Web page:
Sponsorship Do’s and Don’ts

We are in the middle of sponsorship season, where riders are on the hunt for support for the following year to continue doing what they love. Companies’ sponsorship coordinators are avoiding Facebook messages and warily watching the stack of resume-filled envelopes pile up on their desks, while their inboxes steadily grow and their caffeine source slowly diminishes. If you still have resumes to send out you need to do two things. 1) Inquire about our resume services here at Pit Traffic, and 2) read these do’s and don’t from a guy who knows!

In his article, 25 Do’s and Don’ts when it Comes to Sponsorship, Seth Fargher gives some great tips you should keep in mind when both presenting yourself, and presenting your resume. Having spent time being the guy that has to decide what level of support you get, he’s got some very valuable information such as:

Do try and make their job easier-companies receive hundreds of requests for sponsorship and honestly the whole sponsorship process can cause a lot of headaches for companies.  Start out on the right foot by checking their website or calling their office and ask IF they’re accepting sponsorship applications and how they prefer to receive them.  In my job at DWT we accepted hard copies, emails and used Hookit.  The hard copies were the last to get my attention because they were the biggest pain to sort through.  I promise, your cool poster or Photoshoped resume will look just as cool as an email attachment.”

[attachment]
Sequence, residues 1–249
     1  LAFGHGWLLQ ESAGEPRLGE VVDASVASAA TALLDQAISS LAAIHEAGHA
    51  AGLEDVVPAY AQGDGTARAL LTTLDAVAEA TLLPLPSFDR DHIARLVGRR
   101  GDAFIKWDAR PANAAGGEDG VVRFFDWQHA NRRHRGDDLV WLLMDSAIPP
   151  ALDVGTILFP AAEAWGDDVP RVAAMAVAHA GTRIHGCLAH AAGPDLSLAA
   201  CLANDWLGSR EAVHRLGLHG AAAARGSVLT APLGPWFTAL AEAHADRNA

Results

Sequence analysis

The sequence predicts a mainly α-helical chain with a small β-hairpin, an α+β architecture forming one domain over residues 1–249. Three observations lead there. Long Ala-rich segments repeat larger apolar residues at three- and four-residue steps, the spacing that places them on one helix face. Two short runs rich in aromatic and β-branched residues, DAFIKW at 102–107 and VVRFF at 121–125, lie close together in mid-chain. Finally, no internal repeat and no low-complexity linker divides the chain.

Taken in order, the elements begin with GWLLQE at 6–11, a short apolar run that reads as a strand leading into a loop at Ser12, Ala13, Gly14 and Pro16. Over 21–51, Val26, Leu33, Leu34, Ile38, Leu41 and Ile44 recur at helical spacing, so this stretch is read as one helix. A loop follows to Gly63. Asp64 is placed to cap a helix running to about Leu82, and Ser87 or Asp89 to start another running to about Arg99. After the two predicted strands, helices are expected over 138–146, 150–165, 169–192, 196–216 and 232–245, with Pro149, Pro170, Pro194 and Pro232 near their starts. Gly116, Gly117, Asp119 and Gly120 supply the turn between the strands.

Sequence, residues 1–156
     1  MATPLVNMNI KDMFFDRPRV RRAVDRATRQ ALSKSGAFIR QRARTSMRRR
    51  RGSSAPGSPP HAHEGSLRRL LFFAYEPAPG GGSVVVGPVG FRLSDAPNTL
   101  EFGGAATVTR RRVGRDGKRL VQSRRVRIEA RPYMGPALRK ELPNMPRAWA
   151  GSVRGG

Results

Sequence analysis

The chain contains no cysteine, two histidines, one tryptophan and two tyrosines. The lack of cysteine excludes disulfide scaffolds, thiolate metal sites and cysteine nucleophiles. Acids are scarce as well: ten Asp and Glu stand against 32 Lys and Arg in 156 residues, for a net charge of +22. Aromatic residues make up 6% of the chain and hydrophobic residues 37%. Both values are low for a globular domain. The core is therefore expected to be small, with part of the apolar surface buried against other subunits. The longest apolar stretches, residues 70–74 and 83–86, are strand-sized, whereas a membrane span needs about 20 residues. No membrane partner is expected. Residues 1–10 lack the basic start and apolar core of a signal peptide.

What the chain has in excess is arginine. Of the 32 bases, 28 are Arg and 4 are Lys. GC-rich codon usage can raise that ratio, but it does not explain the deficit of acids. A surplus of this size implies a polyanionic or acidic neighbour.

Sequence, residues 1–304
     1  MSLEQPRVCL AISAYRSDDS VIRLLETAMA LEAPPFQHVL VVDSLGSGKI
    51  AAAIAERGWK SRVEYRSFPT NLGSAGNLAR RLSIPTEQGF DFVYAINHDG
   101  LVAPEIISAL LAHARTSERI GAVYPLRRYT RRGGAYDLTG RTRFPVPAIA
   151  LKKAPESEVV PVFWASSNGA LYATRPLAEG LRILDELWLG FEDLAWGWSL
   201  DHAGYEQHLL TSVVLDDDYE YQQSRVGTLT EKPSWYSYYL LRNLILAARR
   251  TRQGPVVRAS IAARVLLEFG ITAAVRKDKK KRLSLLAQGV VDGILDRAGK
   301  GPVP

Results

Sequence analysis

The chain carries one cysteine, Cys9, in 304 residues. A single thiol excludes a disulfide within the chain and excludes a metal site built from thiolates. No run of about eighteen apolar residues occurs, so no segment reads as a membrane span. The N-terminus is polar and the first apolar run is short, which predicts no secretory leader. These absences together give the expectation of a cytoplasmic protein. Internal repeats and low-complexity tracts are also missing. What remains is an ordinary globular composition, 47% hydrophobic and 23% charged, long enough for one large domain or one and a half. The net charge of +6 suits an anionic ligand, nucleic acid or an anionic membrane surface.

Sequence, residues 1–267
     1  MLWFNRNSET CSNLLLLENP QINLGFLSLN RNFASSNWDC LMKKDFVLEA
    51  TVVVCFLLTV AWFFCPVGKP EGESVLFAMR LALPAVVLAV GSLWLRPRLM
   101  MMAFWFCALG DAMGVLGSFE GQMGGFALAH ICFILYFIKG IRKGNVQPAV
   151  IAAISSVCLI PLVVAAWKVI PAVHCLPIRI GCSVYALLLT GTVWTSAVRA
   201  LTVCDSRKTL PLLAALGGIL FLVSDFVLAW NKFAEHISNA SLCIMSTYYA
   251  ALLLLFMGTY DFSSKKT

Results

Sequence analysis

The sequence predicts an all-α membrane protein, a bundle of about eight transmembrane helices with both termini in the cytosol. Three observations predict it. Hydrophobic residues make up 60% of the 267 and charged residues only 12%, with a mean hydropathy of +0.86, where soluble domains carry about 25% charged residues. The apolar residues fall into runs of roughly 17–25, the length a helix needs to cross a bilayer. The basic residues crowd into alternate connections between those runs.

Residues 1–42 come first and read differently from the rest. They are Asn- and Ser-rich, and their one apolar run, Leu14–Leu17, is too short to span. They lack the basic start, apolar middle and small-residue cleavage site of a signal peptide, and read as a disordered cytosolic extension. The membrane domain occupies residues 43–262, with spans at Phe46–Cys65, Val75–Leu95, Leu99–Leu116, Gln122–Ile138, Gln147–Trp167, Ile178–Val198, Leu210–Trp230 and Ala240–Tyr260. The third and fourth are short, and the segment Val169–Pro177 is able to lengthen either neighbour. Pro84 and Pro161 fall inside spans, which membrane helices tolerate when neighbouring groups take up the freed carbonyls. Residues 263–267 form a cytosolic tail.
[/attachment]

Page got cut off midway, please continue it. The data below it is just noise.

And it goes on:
“Do proofread and use correct punctuation, grammar etc– It amazed me how many emails I received saying “hi. how can I apply for sponsership?”  Or better yet.  “id like to be sponsored by you guys. i race b class on a yamaha 450.  I will run your sticker on my quad and race trailer.”

Don’t be foul -I’ve actually declined or seriously decreased the level of support our company offered to racers because of posts they made on facebook and how I witnessed them conduct themselves in person.  If you have a facebook account you are establishing yourself as a brand to the world.  Be a brand that people want to partner with.”

Some of it is common sense, but nevertheless, common sense can evade even the smartest of cookies sometimes and Seth’s article is a great reminder of how you can present yourself in the best possible way to better your chances of getting support. Sponsorship is a two-way street and not a rewards system. Good luck in your chase for support (though with Seth’s tips you won’t need luck!) and make sure to stop by SethFargher.com for more useful advice.

 

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